The tubes are 23-inchers, which seems to concern some pontoon buyers, since the standard tube is 25 inches in diameter, but Qwest uses lightweight materials for items such as seat frames, so the boat’s dry weight is only 2,050 pounds, making 23-inch tubes more than sufficient to handle a payload of up to 1,900 pounds. Large lifting strakes kept the Pro Troll high in the water and when I trimmed the Mercury out a bit, the front half of the pontoons raised out of the water to provide more clearance over the waves. But the Pro Troll really shined when we got to the fishing grounds and started trolling. Unlike monohulls with deep-V hulls that can rock from side to side in similar conditions, the Qwest was incredibly stable, even when we trolled with its beam to the waves.
This concept was a collaborative effort between Qwest’s owners, brothers Brad and Mark Dupuie, and Jeff Miller, the owner of Traxstech. It’s a hard-core fishing machine, but it has a playful side, with twin 60-inch couches up front that are covered in easy-to-clean Soft Touch vinyl. The laybacks face rearward, to accommodate the ultimate in lazy-angler rod-watching. One of the 822’s huge advantages over “regular” fishing boats is the comfort factor afforded by an enormous Bimini top that completely covers the area from the arch all the way to the bow.
Michigan allows only three trolling rods per person, so we used six on test day, but Dupuie has had as many as 15 going at once.
A boat that can have as many as 13 lucky anglers aboard had better be well laid out, and the 822 Pro Troll is the ultimate in ergonomic efficiency. Dupuie used the gunwale’s Traxstech tracks to affix cupholders and rod holders holding landing nets, ready for action. We caught a steady stream of keeper walleye that we measured on the stern work station, which included tool holders and a standard high-pressure hose for easy cleanups. A nice touch are the twin flip-up jump seats at the transom, though they would have been more comfortable with backrests. There are plenty of other places to sit, including the small bench behind the console, which is perfect for line-watching and covers a 25-gallon livewell that Dupuie has used to hold up to 30 fish. Another similar seat in front of the console also has a livewell underneath, but we used it as a cooler.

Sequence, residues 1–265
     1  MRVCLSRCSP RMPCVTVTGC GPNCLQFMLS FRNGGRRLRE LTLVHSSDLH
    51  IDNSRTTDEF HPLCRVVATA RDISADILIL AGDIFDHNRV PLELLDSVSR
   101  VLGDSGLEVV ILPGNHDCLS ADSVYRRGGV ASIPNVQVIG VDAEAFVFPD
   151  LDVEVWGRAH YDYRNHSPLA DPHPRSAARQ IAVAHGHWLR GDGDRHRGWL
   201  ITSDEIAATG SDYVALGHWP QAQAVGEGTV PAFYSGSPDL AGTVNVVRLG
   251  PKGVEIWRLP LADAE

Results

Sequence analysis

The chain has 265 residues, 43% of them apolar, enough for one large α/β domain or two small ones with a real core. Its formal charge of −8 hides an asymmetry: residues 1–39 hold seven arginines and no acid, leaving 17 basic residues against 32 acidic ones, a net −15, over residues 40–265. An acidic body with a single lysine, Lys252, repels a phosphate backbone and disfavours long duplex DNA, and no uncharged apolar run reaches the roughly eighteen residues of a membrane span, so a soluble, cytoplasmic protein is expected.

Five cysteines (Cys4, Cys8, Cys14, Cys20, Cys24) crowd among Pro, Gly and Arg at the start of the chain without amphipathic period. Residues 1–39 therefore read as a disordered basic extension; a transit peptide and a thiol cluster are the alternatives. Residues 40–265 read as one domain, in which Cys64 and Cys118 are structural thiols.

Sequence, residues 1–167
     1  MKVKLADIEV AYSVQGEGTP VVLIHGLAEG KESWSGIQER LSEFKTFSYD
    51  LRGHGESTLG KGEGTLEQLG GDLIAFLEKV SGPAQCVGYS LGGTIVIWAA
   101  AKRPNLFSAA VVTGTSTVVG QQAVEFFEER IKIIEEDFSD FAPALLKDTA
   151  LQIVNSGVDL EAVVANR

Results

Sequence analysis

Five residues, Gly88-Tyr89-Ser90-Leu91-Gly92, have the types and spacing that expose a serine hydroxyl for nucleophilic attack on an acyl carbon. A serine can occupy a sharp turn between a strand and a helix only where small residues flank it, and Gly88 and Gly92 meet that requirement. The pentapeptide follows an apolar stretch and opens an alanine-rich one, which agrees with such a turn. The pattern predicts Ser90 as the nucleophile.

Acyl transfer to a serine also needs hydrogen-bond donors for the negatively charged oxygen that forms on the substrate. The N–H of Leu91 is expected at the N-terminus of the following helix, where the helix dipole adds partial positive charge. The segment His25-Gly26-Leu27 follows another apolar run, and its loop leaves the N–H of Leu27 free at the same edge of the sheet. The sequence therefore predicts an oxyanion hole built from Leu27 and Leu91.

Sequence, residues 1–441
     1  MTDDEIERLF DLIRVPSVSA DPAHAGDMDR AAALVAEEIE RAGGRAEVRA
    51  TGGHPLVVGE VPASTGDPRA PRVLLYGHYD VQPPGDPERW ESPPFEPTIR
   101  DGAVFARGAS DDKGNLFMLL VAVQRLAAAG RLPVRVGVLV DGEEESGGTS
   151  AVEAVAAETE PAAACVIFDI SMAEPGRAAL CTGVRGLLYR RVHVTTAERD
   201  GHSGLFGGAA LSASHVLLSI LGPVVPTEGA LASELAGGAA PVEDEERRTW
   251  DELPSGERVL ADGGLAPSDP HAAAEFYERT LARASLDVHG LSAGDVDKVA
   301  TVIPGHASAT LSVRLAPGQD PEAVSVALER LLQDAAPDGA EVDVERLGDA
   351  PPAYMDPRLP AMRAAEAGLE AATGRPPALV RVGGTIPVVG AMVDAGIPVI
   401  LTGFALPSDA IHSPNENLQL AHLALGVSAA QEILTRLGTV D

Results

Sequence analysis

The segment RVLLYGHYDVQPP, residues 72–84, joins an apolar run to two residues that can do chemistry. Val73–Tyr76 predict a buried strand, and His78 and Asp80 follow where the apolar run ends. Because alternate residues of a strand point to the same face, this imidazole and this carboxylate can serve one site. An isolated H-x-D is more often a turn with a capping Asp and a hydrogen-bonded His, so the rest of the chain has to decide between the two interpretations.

The 822 Pro Troll comes ready to fish and needs only a few options to fulfill its potential. While the console is compact to preserve space, it is tall and has plenty of room for flush-mounted electronics such as the optional Humminbird 899 GPS/fishfinder. A tilt wheel, a handy universal cellphone holder and a Prospec stereo are standard, but our boat had the optional Infinity Bluetooth system. Underneath the leaning/sitting post is storage for Plano tackle boxes to starboard and three tackle drawers to port. Instead of the standard vinyl deck, our boat had the optional upscale teak vinyl floor that had excellent grip even when wet. Add a ski tow and you are ready for a change of pace when the fishing slows down.